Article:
By Mike Raper

As evaluators, we are often asked how we decide what to evaluate, or how. Well, for me, it’s a matter of maximizing my own contributions by evaluating the things that we believe have the most impact on leaders. One of those is the evaluation of leadership coaching. Research abounds on the effectiveness of coaching; you can find books and articles on it by the truckload, and coaching is its own industry around the world. And anecdotally, everyone in the business “knows” coaching has an impact. The bigger question is how does it have an impact? What specific attributes of leadership can we say coaching is impacting, and at what level?

Methods and Sources of Data

To address this question we need data from two groups measured on the same variables, but under two conditions; one group that participated in coaching, and one group that didn’t. Part of many Center for Creative Leadership (CCL) programs is integrated coaching, where the coach and participant continue to meet post program on their own schedules. This is typically for two sessions, included as part of the program experience, but it is not mandatory; the participant determines when the sessions take place and whether to do them at all. Our goal was to find out if this additional post-program coaching was providing any impact.

We also wanted to get data from more than one perspective, because triangulation is always the best approach. One source is good, but multiple sources are better! So we used two sources – survey data from the participants themselves, and manager data from a 360 assessment.

Since post program coaching isn’t mandatory, that gave us our two groups; those that chose to do their coaching, and those that didn’t. We couldn’t use random assignment, so we had to use a quasi-experimental method of comparison for both these data sources.

Comparison One – Post Program Impact Self Report

CCL sends an impact survey to our program participants eight weeks after their program is over. Within that survey, they are asked if they connected with their coach post program. Of 5504 participants, 78% of them said “yes”. So, we compared all the participants who said “yes” those that said “no” on 19 different items related to program impact, measured on a 1-10 Likert extent scale (not at all to a very great extent). A sampling of these items is listed in Figure 1, but we were surprised to find that in all of these 19 items, participants who connected with their coaches reported higher scores than those that did not.

In addition, in every case, the differences were significant with a p value of less than .01 and with moderate Cohen’s effect sizes. Or put simply, the differences are highly likely to exist in any sample drawn from this population of participants, and the presence of coaching is an important factor in that difference.

What Else did We Find?

While this is good data, it’s all self-report data…the information only comes from the participants themselves, and while that’s valuable, it’s better if we can get other rater information. And there’s no better source of information about the effectiveness of coaching on a participant than their manager. Other than the participants, the managers have the most invested in the results of the coaching. They help determine what a coaching participant’s goals would be.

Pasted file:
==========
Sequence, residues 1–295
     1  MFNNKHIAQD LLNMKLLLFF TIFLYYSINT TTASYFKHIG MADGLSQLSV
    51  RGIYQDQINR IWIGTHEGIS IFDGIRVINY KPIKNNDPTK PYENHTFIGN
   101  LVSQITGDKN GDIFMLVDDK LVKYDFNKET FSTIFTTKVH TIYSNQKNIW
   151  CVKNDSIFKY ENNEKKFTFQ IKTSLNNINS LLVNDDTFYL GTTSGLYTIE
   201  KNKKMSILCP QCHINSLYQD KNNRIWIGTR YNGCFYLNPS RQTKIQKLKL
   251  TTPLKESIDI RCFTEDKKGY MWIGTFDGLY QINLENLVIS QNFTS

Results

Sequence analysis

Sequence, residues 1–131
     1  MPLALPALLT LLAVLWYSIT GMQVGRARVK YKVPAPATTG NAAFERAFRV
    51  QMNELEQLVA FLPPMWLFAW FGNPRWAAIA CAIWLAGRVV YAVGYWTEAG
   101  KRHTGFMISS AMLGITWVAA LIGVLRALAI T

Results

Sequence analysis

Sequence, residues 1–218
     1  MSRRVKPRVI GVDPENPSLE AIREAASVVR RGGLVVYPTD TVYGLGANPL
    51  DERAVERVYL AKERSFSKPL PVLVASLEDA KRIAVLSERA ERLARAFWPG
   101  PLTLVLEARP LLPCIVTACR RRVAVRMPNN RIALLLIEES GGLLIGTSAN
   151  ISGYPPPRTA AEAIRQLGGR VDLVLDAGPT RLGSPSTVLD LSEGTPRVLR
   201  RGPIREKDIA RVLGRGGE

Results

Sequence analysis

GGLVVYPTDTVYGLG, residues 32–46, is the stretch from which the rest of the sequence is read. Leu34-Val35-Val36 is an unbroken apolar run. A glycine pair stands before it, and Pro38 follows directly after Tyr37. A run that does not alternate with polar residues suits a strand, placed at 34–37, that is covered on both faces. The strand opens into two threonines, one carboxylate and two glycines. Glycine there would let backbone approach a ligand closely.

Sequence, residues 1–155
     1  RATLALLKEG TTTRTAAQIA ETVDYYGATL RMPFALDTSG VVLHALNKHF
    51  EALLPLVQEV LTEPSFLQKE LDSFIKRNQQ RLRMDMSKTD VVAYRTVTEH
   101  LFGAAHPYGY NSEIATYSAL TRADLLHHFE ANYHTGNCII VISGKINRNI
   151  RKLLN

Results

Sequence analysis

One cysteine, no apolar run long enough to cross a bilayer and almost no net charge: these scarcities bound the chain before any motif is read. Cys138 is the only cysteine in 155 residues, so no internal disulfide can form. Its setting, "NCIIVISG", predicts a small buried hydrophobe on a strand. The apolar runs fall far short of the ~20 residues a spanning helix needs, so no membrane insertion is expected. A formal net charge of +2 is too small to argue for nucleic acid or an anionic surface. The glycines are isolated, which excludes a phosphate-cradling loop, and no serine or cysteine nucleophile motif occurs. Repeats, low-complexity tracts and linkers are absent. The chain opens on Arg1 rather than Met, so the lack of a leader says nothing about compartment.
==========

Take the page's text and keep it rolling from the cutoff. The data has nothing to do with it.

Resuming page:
We could answer this question of manager opinion by looking at Reflections®, a retrospective 360 assessment we use several weeks post program. Reflections is often taken after the participant in a program has initiated or even completed their post-program coaching, and it includes manager feedback about the participant’s performance pre- and post-program…so it is an ideal way to see if coaching has any impact on the manager’s perceptions.

Our Reflections data includes 685 participants where coaching was an option. 91% of those did participate in post-program coaching. Like the impact survey data, we found that there were differences in those participants who did attend coaching and those that did not.

Reflections measures 11 individual impact items, rated by the manger, as well as 10 organizational impact items on a five-point Likert scale, from 1 – Significantly Decreased or Worsened to 5 – Significantly Increased or Improved. In all 21 of these items, participants who attended coaching were rated higher by their managers than those that didn’t. Figure 2 shows another sample of these items and the differences coaching is contributing.


We find that employees who state that they are more committed to their development are also more likely to engage with coaching post-program. So it is possible that these improvements are influenced by the fact that these participants are already potentially more engaged than average. However, the data still clearly shows that in every item those that complete their coaching score higher, both with their own ratings, and among their managers. So coaching does have a significant, positive relationship with better outcomes, but without further study, we cannot be certain it is a causal relationship.


Given these findings, it seems very clear that coaching makes a difference in not only the individual development of the participants, but in their impact on the organization as well. The combination of applying what is learned in the classroom with the post-program individual attention from a coach who’s helped you understand your assessments and worked with you on your challenges can improve your investment in your program experience.